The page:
He explained his entertaining fight style while trainers tended to his swellings.

“I only fight three times a year, and wins like this makes it all worth it,” Smitley said. “I live to have fun and if I take the fight too serious I get tired.

“I am a much better fighter when I am having fun.”

Wallace escaped the damage Smitley sustained by taking down Ybarra after a quick exchange and dominating the rest of the short fight. He battered Ybarra with a flurry of ground-and-pound, then wrenched Ybarra’s head back in a rear-naked choke after the Sacramento fighter rolled to his stomach to avoid the strikes.

“I don’t think he wanted to give up,” Wallace said. “He was in a pretty bad spot, so he turned over to try and improve his position, but ended up in an even worse one.”

Wallace is 7-1 as a professional and 2-0 since a one-sided decision loss to AOW middleweight champion Mike Persons of Lodi’s Cesar Gracie camp. Wallace took that fight well above his normal weight at 185 pounds, but is unbeaten in the 170-pound welterweight division where he now owns the AOW title belt.

“I wanted it real bad, wanted to get that belt,” Wallace said. “I also wanted to take the next step towards boosting my career and moving onto some bigger promotions.

“This is the weight I belong in. I feel comfortable here.”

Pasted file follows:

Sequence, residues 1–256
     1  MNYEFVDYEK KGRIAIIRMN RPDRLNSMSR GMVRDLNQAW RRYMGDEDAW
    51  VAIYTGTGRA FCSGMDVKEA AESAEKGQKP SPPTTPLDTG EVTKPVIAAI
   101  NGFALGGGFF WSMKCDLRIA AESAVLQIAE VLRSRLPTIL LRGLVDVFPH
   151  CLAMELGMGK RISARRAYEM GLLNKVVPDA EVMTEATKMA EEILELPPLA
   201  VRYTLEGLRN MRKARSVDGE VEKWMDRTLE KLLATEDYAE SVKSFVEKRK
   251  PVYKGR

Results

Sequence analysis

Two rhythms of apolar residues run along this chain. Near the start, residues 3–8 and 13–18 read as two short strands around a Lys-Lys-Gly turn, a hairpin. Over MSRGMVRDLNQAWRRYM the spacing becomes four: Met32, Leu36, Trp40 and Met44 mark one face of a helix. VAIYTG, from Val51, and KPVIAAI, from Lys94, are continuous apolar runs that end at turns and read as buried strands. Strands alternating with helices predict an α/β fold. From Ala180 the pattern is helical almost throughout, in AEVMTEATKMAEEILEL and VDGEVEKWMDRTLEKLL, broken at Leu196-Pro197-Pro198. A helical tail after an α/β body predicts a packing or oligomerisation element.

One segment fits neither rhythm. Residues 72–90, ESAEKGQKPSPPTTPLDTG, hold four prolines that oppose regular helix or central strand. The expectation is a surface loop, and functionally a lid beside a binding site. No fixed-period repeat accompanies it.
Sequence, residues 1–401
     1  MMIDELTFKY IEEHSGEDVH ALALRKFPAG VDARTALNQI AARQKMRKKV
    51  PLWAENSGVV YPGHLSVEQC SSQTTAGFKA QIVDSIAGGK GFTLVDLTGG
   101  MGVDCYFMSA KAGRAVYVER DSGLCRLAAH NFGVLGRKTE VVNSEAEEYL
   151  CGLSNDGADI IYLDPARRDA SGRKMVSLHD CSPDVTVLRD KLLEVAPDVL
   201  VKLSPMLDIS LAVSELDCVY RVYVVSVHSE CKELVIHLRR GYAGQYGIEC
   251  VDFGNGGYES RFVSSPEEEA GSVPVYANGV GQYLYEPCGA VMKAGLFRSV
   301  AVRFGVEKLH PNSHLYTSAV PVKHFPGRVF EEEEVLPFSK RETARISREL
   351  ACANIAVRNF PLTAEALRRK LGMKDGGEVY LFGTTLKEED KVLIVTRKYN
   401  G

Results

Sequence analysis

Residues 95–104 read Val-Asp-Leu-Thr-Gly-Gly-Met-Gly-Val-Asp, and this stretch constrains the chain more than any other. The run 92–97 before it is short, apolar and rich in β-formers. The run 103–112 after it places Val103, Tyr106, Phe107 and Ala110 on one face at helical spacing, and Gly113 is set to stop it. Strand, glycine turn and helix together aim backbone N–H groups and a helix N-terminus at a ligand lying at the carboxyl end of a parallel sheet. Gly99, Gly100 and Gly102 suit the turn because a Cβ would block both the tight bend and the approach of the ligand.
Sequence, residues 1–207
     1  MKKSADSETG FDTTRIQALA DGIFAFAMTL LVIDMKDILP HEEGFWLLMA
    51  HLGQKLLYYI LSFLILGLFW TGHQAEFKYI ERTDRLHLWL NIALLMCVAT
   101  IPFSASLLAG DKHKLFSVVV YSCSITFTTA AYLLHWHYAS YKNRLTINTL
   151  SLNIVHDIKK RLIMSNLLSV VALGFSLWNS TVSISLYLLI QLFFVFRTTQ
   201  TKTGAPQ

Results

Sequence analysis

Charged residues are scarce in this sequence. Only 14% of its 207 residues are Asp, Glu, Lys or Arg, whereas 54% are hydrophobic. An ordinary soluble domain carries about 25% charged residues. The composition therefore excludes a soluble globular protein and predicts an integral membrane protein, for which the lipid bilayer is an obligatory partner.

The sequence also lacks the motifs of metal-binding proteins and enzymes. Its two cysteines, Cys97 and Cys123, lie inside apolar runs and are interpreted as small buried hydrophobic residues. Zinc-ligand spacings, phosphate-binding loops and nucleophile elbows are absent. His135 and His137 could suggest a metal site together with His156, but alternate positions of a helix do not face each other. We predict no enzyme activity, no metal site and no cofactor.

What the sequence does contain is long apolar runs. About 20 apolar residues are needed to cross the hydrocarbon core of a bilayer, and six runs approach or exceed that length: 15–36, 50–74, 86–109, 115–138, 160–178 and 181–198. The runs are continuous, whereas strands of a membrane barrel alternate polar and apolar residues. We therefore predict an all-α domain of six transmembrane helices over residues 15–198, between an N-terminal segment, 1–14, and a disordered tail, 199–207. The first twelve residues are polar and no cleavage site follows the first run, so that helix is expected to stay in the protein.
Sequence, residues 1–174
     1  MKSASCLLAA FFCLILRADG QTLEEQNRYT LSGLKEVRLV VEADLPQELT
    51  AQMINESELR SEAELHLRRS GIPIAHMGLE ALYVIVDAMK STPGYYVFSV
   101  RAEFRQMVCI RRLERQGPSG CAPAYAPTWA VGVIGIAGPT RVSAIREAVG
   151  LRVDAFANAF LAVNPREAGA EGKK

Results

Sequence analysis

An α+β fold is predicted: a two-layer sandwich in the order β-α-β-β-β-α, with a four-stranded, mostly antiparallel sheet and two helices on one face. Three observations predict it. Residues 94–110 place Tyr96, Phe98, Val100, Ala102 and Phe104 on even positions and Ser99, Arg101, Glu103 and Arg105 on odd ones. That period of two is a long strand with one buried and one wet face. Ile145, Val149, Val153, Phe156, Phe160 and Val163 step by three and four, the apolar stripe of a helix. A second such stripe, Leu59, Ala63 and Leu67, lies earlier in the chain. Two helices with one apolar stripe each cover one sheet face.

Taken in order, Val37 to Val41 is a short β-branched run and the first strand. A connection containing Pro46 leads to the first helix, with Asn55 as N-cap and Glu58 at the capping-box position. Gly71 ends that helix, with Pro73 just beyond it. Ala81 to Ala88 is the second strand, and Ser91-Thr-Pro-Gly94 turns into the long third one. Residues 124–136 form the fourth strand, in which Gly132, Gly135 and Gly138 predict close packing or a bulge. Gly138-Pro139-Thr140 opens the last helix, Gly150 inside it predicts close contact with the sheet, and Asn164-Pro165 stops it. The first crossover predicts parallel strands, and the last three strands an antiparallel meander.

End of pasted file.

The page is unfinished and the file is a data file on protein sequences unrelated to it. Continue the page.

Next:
Tobar had the fastest finish of the night, despite entering the cage with the pressure that accompanies his first pro fight. He sauntered toward Steven Cartwright, launched a kick that clipped the top of his opponents head, then rushed to end the fight as the referee pulled him away.

It was so fast, most cage photographers couldn’t capture a single frame of the action. He left the cage without a scratch on him.

“That was an adrenalin rush,” Tobar said afterwards. “I had dreamed I would knock him out with that kick after I was having success with it against pros in training.

“I had a lot of pressure on myself to win my first fight and it’s a relief to have done it.”

Pros rounded out a 5-1 showing from Oakdale MMA fighters.

Mike John looked tenacious at the 155-pound lightweight division, and captured the AOW belt at that weight after he overpowered Roque Reyes of Manteca’s Team Cortez with an early takedown and rear-naked choke. John, who struggled at higher weights in amateur fights, delivered perhaps the strongest performance of his career.

“I am fighting closer to my weight now and training is going great,” John said. “I have never felt better.”